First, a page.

are usually well tolerated in animal studies and do
not produce the generalized toxic effects of most con-
ventional chemotherapeutic agents. For example, in a
2-year administration of high oral doses of THC to
rats and mice, no marked histopathological alter-
ations in the brain and other organs were found.
Moreover, THC treatment tended to incease survival
and lower the incidence of primary tumours83
Similarly, long-term epidemiological surveys,
although scarce and difficult to design and interpret,
usually show that neither patients under prolonged
medical cannabinoid treatment nor regular cannabis
smokers have marked alterations in a wide array of
physiological, neurological and blood tests8,10,82
The use of cannabinoids in medicine, however, is
severely limited by their psychoactive effects (BOX 2).
Although these adverse effects are within the range of
can not be ruled out. However, this seems unlikely. On
the one hand, glioma cell clones that are resistant to
cannabinoid-induced apoptosis express similar amounts
receptors,compared with cannabinoid-
;this is further supported by pharmaco-
logical studies using selective cannabinoid-receptor
.On the other hand,although activation of
proteins by the CB1
receptor has been reported68
increasing evidence indicates that cannabinoid receptors
have a clear preference for coupling to Gi/o
Other reported examples of cannabinoid selectiv-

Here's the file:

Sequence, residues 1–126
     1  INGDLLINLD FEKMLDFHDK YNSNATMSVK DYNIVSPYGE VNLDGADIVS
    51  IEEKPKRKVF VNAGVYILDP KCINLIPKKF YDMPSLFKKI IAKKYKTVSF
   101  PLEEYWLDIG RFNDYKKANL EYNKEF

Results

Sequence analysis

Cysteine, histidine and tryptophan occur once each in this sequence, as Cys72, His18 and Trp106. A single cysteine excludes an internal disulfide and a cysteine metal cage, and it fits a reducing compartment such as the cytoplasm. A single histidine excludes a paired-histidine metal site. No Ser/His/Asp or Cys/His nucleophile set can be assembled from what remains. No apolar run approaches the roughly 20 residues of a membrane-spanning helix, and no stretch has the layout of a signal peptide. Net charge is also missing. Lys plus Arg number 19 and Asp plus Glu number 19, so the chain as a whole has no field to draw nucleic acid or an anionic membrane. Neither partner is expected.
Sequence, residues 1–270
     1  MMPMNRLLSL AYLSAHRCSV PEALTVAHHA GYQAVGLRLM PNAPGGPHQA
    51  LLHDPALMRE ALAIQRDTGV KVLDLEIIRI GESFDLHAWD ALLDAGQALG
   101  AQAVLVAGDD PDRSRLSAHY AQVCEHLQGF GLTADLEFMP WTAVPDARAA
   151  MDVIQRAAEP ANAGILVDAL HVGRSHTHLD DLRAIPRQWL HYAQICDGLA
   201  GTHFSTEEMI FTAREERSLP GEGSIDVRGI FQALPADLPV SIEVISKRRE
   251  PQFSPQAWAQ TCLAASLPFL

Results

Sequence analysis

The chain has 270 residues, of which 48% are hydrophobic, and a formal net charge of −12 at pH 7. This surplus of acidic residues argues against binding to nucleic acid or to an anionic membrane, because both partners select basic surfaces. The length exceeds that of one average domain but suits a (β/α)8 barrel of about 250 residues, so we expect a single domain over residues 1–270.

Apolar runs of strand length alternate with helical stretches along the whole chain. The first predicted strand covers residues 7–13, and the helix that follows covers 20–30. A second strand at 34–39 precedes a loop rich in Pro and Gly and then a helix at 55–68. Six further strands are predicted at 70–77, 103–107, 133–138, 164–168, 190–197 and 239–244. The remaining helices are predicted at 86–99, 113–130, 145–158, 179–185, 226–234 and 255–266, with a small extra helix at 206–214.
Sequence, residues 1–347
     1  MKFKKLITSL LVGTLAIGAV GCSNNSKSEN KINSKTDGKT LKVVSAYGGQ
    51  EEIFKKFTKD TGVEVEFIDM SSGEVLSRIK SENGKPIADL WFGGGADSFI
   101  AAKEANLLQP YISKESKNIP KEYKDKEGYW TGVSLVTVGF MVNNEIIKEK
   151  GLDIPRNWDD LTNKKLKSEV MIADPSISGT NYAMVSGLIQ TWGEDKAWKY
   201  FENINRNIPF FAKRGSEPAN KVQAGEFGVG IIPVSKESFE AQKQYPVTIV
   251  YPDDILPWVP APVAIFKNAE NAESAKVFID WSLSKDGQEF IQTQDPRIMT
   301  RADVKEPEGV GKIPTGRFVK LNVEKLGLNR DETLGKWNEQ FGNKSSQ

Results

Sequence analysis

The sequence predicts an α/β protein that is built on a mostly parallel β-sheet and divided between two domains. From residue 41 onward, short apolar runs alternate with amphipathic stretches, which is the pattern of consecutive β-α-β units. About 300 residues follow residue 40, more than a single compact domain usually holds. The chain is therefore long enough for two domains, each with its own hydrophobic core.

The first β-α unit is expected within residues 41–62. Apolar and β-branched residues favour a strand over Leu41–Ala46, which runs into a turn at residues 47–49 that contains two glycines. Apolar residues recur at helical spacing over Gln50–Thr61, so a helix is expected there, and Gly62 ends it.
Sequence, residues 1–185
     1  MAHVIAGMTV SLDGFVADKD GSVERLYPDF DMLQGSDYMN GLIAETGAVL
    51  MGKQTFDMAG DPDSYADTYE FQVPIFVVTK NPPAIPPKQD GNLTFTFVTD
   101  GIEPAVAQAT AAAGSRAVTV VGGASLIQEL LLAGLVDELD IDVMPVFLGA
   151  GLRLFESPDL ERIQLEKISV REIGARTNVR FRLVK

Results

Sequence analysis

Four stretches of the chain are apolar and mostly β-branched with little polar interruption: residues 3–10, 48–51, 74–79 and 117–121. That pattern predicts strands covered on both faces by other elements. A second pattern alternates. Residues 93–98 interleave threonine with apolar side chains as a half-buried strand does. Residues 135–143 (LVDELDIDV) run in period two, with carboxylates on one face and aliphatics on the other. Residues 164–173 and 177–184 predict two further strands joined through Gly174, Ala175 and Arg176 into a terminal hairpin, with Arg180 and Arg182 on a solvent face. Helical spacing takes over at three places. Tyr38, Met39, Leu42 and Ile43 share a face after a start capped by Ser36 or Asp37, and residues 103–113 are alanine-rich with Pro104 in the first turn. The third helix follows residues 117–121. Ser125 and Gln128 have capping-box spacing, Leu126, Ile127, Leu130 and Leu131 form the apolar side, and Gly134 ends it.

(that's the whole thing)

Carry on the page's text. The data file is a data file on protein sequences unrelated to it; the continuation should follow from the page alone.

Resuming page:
ity towards tumour cells include thyroid epithelioma60
and skin carcinoma61
cells. In addition, though per-
haps mechanistically unrelated, cannabinoids protect
neurons from death in various models of toxic dam-
, whereas neuroblastoma cells are sensitive to
. A possible exception
to this cannabinoid selectivity might be immune cells,
although this can depend on experimental conditions
— mostly stimulus strength74
. For example, cannabi-
noids at high concentrations induce apoptosis of
non-transformed monocytes, macrophages and lym-
, which might contribute to impaired host
antitumour responses by inhibiting the production of
antitumour cytokines such as interferon-γ and inter-
leukin-12 (REF. 77). By contrast, low cannabinoid doses
and myeloid-cell growth79
any event, the issue of immunosuppression needs to
be explicitly investigated in any trial of cannabinoids
Mechanisms by which drugs
affect their target sites in the
body to produce their desired
therapeutic effects and their
adverse side effects.
Time course of drug and
metabolite levels in different
fluids,tissues and excreta of the
body,and of the mathematical
relationships required to develop
models to interpret such data.
Box 2 | Potential adverse effects of cannabinoids
The administration of cannabinoids to humans and laboratory animals exerts psychoactive effects7,81,82
cannabinoids induce a unique mixture of depressing and stimulatory effects in the central nervous system that can be
divided into four groups:affective (euphoria and easy laughter),sensory (alterations in temporal and spatial perception
and disorientation),somatic (drowsiness,dizziness and motor discoordination) and cognitive (confusion,memory lapses
and difficulties in concentration).Owing to the ubiquitous distribution of cannabinoid receptors,cannabinoids might
affect not only the brain,but also almost every body system;for example,the cardiovascular (tachycardia),respiratory